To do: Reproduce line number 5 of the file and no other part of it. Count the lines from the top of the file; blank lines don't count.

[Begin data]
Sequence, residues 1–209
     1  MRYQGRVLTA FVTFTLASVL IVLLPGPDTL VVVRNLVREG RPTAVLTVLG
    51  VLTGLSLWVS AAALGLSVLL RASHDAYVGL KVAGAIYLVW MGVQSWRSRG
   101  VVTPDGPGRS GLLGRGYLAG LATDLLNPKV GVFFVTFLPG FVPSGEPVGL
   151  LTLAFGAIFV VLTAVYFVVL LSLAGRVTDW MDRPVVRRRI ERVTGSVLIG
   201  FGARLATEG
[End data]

   151  LTLAFGAIFV VLTAVYFVVL LSLAGRVTDW MDRPVVRRRI ERVTGSVLIG